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A Giant Religious Rummage Sale

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When I interviewed Phyllis Tickle for Rising from the Ashes: Rethinking Church, she reflected on the seismic changes she sees occurring in contemporary Christianity. "Evangelicalism has lost much of its credibility and much of its spiritual energy as of late, in much the same way that mainline Protestantism has." Lest anyone find this news so depressing they want to run for cover, Phyllis offers some much needed historical and hopeful perspective. "About every 500 years, the church feels compelled to have a giant rummage sale." During the last such upheaval, the Great Reformation of 500 years ago, Protestantism took over hegemony. But Roman Catholicism did not die. It just had to drop back and reconfigure. Each time a rummage sale has happened, in other words, whatever held pride of place simply gets broken apart into smaller pieces, and then it picks itself up and to use Diana Butler Bass's term, "re-tradition.


As I ride along the religious superhighway, I find I need some new tools to help me navigate this process. For starters, Andrew Jones' blog provides excellent ongoing reflections of the changing Christian landscape from a global perspective, as Proost UK offers worship resources that help refuel me and recharge my batteries. Recently, I caught wind of Tickle's radical yet totally orthodox retelling of the gospel. In The Words of Jesus: A Gospel of the Sayings of Our Lord with Reflections Tickle categorizes the sayings of Jesus into five categories: Public Teachings, Private Instructions, Healing Dialogues, Intimate Conversations, and the Post-Resurrection Encounters.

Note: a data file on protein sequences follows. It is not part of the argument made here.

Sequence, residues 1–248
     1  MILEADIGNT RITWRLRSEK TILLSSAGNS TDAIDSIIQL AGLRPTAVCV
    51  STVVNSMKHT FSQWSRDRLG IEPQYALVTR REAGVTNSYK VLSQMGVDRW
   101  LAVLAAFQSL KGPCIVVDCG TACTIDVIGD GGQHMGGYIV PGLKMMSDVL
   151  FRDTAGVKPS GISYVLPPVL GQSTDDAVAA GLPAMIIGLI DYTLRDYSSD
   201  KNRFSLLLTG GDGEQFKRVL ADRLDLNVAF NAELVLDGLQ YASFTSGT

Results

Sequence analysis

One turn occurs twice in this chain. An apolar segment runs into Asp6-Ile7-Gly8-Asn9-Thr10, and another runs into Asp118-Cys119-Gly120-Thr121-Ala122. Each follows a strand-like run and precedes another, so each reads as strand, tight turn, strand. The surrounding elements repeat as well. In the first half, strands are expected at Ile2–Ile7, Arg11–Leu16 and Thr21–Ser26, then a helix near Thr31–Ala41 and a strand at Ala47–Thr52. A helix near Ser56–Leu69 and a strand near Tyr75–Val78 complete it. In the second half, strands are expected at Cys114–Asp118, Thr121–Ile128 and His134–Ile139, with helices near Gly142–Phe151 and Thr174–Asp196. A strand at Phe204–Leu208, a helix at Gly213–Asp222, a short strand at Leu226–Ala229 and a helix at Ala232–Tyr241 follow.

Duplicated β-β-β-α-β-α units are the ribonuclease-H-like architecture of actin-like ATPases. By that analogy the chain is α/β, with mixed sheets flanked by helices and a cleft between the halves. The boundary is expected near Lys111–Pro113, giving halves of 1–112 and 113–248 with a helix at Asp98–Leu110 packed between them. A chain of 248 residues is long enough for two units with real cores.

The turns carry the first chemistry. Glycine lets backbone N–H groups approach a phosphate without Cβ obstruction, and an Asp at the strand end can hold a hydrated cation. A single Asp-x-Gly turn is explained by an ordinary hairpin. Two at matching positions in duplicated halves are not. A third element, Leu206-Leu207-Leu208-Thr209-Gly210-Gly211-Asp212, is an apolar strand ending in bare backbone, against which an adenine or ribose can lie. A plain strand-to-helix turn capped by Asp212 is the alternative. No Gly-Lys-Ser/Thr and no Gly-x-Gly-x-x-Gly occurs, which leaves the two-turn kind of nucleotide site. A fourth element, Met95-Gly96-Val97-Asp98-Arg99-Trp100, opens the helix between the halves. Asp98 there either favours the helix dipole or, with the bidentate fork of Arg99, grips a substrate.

"Psychologists have demonstrated many times over that what we say is tailored to and informed by the audience to whom we say it. In a sense, in other words, while each of us may be an integer, we have various configurations or arrangements of our "self" that we modify, exchange, and employ according to our perception of those whom we are at any given moment engaging. Jesus of Nazareth, being fully human, followed that same pattern, though once again I had never perceived or even entertained such a possibility until I began listening to Him shift emphases, adapt rhetoric, and fashion varying modes of analogy to fit those with whom He was speaking."


Thanks to Lacey's latest and, unfortunately, last book, The Liberator (a revolutionary retelling of the New Testament), the Inspired by the Bible Experience: New Testament audio CD (nothing says "Oh my God" like Samuel L. Jackson channeling the voice of the Almighty), and Tickle's commentary, I've been immersed in scripture from some rather unique vantage points. Over the past year, instead of trying to memorize scripture and verse, I'm allowing these sweet holy words to fall on my ears and into my mouth. It's like I'm falling in love all over again with this radical love-making, rule-breaking, life-taking Christ.


Becky Garrison is senior contributing writer for The Wittenburg Door. Portions of this posting are excerpted from The New Atheists Crusaders and Their Unholy Grail. Reprinted with permission from Thomas Nelson, Inc.

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